• Laura
    2019-05-08 05:26

    This book had me at its title The Three Colonels: Jane Austen’s Fighting Men. A book about Austen’s beloved heroes in uniform, count me in! Then I noticed who wrote the book – Jack Caldwell. Caldwell is the author of the wonderful Pemberly Ranch. I couldn’t wait to read what he had in store next for Austen’s characters. Add to that a beautiful cover and I couldn’t wait to read this novel.I was not disappointed by the story, especially as a great fan of Caldwell, Austen, and historical fiction. The Three Colonels blends together the worlds of Austen’s beloved novels Pride and Prejudice and Sense and Sensibility. The three colonels include Colonel Brandon from Sense and Sensibility, Colonel Fitzwilliam from Pride and Prejudice, and a new hero Colonel Buford. Military men Denny and Wickham from Pride and Prejudice also make an appearance.Marianne and Colonel Brandon are happily married and enjoying their young daughter Joy. Colonel Buford is soon to be married to a reformed Caroline Bingley, and Colonel Fitzwilliam is discovering that love has been right in front of him all along. The romance in the novel is very enjoyable. When Napoleon escapes form Elba, the three Colonels are called to their duty and to the horrific battle of Waterloo for God and country. Will they survive and how will this battle affect their loved ones?I loved the story in this novel and thought it was a very unique spin on Jane Austen’s tale. I love historical fiction and it was intriguing reading about Napoleon and the infamous Battle of Waterloo as fought by Austen’s beloved characters. I loved how so many of my favorite characters returned including Fitzwilliam and Elizabeth Darcy, the Bingleys, the Collins, etc. I also like how Caroline Bingley was given a great depth and an ability to redeem herself. Anne de Bourgh is also fleshed out and given a great depth. Napoleon is not the only villain in this novel with appearances from Lady Catherine de Bourgh, Mr. Wickham, and Willoughby. If I had to face Napoleon or Lady Catherine, I’m not sure which would be the safer route!The only complaint I had about the novel is that there are a lot of characters with a lot of story going on. I want to learn more. How about a sequel, The Three Colonels and a Captain, with Captain Wentworth?Overall The Three Colonels is sure to delight lovers of Austen, romance, and historical fiction. This book is another winner from Jack Caldwell.Book Source: Review Copy from Sourcebooks. Thank-you!This review was originally posted on my blog, Laura's Reviews.

  • Charlene
    2019-05-21 01:24

    Well done Jack!! I loved this novel. It definitely had more testosterone with the 3 Colonels!! Before I started reading this book I read a few of the reviews on amazon and I'm a little surprised about the Caroline bashing. OK not really bashing but I thought the transformation was perfect. She gets her cumuppance and learns from it and becomes a better person. The story takes us though 3 different perpective, that of the 3 colonels. We get to see more of Col Fitzwilliam and I always thought him very gallant. That he finally sees his own heart and that his cousin Anne starts to get a backbone was wonderful to read. Yeah!!! I liked them as a couple. Of course we know Col Brandon and Marianne, It was nice to see a little more of there story. And of course The 3rd colonel is Sir John Buford! Man is he sexy. Just the name sounds sexy. His story was very romantic and filled with a little angst! Perfect man for haughty Miss Bingley. The story really tied together with the resurgance of Neopolean. What takes place on the continent really brings the 3 colonels together and there wifes back in England become good friends. Having the war in this story gave me a little history of the time and I enjoyed it very much. I have on my TBR list the 20 or so books written by Patrick O'Brien.I definitely recomend reading this book!!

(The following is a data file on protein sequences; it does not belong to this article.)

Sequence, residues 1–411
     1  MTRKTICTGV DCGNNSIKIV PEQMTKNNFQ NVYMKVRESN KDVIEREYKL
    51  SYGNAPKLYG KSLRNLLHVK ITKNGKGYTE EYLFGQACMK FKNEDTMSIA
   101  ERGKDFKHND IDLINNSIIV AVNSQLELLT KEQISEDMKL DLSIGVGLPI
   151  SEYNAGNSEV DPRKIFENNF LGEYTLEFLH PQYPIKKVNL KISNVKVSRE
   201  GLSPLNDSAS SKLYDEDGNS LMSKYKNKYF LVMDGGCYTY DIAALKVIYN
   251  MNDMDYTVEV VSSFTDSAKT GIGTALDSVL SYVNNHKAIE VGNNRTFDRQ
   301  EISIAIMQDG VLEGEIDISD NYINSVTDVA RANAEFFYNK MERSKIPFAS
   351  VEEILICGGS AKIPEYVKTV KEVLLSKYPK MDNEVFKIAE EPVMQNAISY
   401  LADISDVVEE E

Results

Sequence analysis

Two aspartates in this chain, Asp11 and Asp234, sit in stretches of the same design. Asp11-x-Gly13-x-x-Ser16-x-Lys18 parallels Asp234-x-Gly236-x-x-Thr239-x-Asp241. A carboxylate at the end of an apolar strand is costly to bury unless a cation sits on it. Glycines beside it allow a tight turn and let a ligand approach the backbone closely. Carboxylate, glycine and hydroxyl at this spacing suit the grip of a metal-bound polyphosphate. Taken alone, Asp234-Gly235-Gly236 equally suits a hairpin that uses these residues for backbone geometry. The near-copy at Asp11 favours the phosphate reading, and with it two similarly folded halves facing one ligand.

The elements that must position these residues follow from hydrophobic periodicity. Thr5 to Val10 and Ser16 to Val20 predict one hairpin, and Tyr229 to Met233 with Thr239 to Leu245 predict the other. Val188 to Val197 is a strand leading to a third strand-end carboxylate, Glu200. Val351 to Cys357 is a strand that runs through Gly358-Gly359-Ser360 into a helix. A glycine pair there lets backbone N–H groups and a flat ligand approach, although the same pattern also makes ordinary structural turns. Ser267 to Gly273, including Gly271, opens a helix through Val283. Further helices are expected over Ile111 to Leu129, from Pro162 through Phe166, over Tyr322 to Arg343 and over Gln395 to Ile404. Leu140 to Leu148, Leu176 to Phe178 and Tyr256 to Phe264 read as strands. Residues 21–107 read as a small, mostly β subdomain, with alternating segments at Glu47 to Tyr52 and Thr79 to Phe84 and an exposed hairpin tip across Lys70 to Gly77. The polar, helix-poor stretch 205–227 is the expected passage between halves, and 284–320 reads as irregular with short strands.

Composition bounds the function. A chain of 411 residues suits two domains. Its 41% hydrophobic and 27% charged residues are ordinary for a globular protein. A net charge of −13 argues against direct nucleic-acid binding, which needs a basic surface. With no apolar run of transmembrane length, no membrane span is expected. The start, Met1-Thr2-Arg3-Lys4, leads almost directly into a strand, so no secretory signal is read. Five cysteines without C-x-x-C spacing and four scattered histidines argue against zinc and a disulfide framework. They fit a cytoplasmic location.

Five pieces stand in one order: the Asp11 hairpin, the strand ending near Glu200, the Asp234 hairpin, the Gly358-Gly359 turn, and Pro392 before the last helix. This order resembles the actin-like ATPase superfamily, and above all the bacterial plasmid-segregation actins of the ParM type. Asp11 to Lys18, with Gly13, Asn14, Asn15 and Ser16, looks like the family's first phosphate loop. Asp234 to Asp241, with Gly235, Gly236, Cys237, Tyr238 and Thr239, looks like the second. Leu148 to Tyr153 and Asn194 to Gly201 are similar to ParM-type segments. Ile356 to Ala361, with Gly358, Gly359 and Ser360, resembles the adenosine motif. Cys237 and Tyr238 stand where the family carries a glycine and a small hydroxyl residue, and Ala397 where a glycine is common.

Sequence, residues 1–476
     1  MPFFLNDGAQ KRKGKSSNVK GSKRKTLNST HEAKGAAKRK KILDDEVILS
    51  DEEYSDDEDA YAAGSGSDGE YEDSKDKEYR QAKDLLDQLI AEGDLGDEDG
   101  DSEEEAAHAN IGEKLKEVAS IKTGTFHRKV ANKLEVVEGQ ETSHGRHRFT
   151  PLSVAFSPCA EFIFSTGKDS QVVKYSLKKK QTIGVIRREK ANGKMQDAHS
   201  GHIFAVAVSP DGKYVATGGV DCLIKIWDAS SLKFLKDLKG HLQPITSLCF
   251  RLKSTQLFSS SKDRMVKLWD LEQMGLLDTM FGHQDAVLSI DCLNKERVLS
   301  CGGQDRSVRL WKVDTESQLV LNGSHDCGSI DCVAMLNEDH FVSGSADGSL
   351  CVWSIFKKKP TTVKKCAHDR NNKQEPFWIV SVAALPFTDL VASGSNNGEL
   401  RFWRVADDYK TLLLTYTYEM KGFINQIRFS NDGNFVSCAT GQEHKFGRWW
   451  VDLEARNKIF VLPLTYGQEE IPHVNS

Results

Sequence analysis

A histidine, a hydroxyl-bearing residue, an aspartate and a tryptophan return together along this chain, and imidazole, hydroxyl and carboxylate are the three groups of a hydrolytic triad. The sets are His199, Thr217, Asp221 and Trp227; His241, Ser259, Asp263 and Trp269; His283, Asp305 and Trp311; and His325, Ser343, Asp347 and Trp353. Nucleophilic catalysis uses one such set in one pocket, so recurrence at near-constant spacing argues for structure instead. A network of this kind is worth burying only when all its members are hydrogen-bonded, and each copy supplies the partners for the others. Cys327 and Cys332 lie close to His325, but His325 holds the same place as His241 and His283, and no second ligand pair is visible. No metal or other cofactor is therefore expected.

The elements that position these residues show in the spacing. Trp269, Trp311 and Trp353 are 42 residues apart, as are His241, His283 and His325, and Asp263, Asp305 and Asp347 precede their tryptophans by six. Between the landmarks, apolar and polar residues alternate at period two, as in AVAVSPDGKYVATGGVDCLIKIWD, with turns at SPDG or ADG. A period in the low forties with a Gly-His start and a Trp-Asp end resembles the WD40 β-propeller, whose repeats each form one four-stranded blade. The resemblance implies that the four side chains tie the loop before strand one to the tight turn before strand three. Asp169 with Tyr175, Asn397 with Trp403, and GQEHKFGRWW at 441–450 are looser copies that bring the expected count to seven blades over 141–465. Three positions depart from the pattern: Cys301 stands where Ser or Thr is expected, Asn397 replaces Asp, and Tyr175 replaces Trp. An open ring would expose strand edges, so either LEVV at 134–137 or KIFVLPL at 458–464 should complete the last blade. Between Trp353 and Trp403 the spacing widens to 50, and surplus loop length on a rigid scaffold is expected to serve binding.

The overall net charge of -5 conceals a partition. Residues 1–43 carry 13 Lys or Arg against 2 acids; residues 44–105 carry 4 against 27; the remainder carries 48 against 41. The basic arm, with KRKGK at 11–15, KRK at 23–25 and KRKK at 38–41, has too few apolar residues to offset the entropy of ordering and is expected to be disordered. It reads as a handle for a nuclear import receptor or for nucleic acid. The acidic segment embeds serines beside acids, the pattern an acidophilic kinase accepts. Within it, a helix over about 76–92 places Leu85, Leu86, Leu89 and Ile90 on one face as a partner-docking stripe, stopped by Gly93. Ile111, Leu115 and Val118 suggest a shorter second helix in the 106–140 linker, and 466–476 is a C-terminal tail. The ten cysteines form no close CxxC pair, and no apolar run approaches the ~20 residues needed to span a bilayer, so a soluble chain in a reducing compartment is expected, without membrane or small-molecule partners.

• Jennifer Conrad
    2019-04-22 05:39

    I really liked this author's Pemberley Ranch, so I decided to give this one a try. It is a mash-up sequel of Pride and Prejudice and Sense and Sensibility, and it's set around the time that Napoleon escapes from exile in Elba.I liked how the author jumped back and forth between stories and perspectives. There were also some flashbacks that helped bring the story together. In this book, Caroline Bingley eventually because the kind person you always wanted her to be. She became good friends with Mary Bennet, which was surprising but also surprisingly worked very well. It seemed that she just needed the right group of friends and a reformed man who could love her and understand her.The one thing that really bugged me was John Buford's behavior while he's in the military. I don't want to say too much, but I didn't quite see the point of that storyline since it doesn't actually resolve or come back up again (other than with Buford's perceived punishment).The book moved very quickly, and I found myself unable to put it down once I started. I thought Pemberley Ranch was better, probably because I was so surprised at how well P&P worked in the Texas/Civil War setting. However, I would definitely read this one again.

  • Barb
    2019-04-30 04:30